"This is kind of a complicated situation. I've got a patient who's here because of an obsession with Holly Willstead, and... Well, he's just escaped."
"And he's dangerous, he could hurt her, is that what you're saying?"
"Well, that's where it gets difficult. He hasn't shown any proclivities toward violent behavior... But that's no guaranty of this future behavior. Let's put it this way: he's not dangerous as in Friday the 13th, ad nauseum, but he could very well be d angerous as in Mark David Chapman."
"Any particular way I might recognise him?"
Trenton gave a brief description, mentioning the extra thumb joints. "But," he finished, "I don't know how he'd be dressed. He escaped in his Jammies."
"All right, Doc, I'll get right on it. Thanks for calling."
"The least I could do."
Cody Whelch laid the phone gently on its cradle, and looked at the desk for a minute. Poor Bastard, he thought, and looked over at his assistant.
"All right, Bob, listen up. I want security tightened up. That was a Dr. Stephen Trenton, from Bachmann Memorial Psychiatric Hospital. A patient with an obsession for Miss Willstead has escaped from their custody, and it's a fair bet he'll try to get here, probably tomorrow, and certainly before the end of her last concert here. Trenton thinks he could conceivably be dangerous to Miss Willstead. I don't see how we can ignore the possibility."
"Okay, so we stop the fruitcake."
"We capture the poor bastard, alive and as unharmed as we can manage."
"All right. I'll be sure to tell Miss Willstead tomorrow."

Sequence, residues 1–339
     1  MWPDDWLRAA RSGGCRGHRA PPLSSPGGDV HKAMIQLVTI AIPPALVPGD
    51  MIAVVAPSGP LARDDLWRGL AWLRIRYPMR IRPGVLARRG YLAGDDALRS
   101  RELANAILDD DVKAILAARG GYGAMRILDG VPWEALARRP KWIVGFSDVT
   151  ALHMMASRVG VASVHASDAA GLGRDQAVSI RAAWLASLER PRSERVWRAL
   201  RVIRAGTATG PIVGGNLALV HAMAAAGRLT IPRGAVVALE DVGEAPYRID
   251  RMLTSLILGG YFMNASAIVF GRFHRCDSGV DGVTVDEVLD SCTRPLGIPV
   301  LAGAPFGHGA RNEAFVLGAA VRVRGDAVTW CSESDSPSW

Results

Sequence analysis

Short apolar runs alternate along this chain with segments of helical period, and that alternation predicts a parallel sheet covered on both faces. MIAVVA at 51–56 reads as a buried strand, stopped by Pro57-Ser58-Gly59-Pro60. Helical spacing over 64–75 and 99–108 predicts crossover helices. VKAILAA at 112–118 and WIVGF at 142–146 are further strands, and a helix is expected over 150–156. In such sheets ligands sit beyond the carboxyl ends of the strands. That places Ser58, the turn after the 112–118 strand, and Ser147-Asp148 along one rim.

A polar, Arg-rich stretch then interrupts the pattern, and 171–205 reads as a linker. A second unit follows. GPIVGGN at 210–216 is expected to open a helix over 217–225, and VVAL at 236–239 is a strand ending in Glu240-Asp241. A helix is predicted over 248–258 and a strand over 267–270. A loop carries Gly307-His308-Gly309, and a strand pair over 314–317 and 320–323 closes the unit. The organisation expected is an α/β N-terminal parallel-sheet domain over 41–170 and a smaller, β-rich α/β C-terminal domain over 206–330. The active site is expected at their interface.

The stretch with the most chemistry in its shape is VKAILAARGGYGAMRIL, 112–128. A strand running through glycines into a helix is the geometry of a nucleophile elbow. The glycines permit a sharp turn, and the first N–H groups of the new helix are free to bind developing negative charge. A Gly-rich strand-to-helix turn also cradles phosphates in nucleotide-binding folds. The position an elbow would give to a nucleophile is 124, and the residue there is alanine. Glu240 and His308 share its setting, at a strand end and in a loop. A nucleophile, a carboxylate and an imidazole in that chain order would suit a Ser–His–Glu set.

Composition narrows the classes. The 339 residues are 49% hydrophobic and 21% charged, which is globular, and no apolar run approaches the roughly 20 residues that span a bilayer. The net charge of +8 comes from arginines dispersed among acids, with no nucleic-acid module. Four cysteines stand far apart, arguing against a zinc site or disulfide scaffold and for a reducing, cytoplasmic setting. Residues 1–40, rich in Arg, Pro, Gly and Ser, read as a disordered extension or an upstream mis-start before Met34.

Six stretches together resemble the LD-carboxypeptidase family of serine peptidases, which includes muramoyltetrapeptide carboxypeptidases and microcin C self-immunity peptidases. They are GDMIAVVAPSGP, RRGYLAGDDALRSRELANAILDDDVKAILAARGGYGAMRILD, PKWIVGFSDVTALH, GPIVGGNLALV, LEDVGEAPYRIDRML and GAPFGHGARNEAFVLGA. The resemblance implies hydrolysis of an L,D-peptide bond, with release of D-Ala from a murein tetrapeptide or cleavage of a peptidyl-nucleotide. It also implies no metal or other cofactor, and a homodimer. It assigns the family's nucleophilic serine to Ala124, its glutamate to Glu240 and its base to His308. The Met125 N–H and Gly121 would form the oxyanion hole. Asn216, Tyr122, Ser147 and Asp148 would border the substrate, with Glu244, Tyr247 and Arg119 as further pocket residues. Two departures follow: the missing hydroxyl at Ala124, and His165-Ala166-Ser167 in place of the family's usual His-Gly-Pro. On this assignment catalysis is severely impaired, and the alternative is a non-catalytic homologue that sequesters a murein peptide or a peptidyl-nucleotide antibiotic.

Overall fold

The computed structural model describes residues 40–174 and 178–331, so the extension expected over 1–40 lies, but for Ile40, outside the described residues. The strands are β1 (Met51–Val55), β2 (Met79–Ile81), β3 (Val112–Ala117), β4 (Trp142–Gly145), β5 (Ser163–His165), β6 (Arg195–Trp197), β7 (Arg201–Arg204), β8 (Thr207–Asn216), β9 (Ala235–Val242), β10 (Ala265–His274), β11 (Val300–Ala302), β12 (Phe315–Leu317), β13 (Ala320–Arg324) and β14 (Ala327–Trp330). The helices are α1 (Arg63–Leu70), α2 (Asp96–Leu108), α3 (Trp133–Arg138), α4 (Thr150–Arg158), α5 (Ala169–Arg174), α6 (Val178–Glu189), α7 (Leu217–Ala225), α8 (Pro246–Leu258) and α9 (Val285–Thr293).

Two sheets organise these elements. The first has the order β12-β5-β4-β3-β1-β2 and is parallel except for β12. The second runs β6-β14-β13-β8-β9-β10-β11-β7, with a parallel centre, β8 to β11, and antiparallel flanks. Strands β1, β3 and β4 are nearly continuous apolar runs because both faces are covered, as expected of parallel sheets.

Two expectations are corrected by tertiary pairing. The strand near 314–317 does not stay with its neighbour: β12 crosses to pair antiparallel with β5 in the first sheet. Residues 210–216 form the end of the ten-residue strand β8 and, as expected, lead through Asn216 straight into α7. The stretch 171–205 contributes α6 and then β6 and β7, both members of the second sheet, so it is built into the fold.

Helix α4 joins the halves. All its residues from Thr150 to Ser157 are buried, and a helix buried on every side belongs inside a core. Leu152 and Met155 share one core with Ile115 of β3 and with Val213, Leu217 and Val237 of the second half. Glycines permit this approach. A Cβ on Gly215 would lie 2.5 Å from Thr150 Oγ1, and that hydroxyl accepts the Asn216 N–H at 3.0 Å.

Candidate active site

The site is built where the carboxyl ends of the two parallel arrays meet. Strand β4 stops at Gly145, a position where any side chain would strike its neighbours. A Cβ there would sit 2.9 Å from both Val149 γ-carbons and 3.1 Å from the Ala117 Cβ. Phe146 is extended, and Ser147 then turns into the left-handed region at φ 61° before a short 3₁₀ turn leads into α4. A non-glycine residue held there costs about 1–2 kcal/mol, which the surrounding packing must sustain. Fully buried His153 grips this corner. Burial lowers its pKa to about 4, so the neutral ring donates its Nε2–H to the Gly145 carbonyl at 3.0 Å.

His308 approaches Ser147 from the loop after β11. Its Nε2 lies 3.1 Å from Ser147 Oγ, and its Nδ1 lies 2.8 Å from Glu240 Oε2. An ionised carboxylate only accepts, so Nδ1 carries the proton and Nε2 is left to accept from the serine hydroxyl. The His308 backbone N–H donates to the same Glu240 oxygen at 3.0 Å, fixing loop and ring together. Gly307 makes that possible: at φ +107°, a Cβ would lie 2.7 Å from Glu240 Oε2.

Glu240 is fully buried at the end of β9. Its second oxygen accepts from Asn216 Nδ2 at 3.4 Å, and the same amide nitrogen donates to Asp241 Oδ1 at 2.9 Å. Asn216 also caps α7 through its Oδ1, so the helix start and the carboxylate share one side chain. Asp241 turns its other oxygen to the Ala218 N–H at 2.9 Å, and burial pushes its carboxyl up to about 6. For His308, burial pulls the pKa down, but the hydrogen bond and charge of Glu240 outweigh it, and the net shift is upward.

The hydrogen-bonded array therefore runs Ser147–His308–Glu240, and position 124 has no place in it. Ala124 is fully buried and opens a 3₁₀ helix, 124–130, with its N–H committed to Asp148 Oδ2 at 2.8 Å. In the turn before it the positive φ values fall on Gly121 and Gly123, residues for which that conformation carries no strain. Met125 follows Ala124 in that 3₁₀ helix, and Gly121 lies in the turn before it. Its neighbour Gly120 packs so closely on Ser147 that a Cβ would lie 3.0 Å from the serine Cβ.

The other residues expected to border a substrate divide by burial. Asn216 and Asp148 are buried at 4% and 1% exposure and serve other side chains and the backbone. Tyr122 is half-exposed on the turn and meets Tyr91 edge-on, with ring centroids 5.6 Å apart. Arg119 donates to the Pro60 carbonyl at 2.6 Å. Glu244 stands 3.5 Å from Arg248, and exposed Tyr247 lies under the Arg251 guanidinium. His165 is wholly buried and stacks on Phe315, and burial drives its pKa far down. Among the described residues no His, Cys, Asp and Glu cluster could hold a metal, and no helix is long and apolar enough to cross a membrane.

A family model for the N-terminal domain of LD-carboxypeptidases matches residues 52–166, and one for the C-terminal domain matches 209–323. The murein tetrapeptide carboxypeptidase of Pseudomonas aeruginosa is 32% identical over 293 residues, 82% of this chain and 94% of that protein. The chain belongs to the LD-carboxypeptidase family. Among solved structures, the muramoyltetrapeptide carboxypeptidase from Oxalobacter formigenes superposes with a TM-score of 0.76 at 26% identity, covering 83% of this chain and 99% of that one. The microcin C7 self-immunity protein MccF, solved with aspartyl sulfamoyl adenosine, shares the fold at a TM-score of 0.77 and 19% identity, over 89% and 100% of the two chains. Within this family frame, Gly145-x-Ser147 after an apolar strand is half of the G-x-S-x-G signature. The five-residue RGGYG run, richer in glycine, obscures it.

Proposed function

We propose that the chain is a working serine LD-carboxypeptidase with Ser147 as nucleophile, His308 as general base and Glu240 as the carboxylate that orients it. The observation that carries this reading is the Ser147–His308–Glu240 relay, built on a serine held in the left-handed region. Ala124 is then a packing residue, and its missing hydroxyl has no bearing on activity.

"Bob, if you were as good-looking as you are dumb, you'd be rich, do you know that? You'd be a star! No, You won't tell Miss Willstead. She's got a show to do, she doesn't need you fucking up her concentration with stories of obsessed looneys hunting her down, so you can play yourself up as noble knight-protector. You just keep your eyes open. Here." he jotted the description on a pad of paper, handed it over. "Give this description to the men. He'll have to be dressed in something he picked up, unles s he comes in his P.J.s. So keep a lookout for the usual sorts of stolen outfits: Janitors' uniforms, sporting outfits, tuxes, messenger's uniforms, surgical greens... You know the drill."
"That's all, Bob."
Bob nodded, and left.
"Poor Bastard," said Whelch, quietly.
Trenton looked at his phone for a moment after hanging up, and wished there were some way he could avoid the job. None came to mind.
He dialed. Tippen answered quickly, almost too quickly.
Drew Tippen was no longer the amiable, eccentric dreamer who'd raised Lemuel. he was thinner, and his face held more years than his age could lay claim to. His laughter was heard seldom, these days, and his eyes had lost their sparkle.
"Hello, Mr. Tippen. Stephen Trenton. I'm afraid I've got bad news."
"Lemuel? What's happened, is he all right?"
"As far as we know. He escaped a couple of hours ago."
"Yes. Look, you've heard about the concert tomorrow. Obviously, Lemuel found out about it, and he's going to try to get to her. He, uh... Well, the details don't matter, I'll fill you in when you get here. I think you should come."
"I'm on my way."
"Will Mrs. Tippen be coming?"